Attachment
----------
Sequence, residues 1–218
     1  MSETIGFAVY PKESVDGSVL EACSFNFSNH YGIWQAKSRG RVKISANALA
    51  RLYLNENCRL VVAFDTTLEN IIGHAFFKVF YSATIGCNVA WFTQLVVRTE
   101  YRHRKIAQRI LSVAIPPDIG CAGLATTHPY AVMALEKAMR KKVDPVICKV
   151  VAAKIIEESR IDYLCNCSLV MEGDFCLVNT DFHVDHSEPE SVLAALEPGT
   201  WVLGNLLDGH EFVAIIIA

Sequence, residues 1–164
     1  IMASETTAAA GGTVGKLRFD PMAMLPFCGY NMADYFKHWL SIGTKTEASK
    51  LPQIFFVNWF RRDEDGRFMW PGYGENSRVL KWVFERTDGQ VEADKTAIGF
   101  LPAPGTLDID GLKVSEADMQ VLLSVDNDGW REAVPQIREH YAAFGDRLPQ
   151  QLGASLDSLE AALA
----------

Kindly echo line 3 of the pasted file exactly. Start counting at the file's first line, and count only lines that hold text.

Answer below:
    51  RLYLNENCRL VVAFDTTLEN IIGHAFFKVF YSATIGCNVA WFTQLVVRTE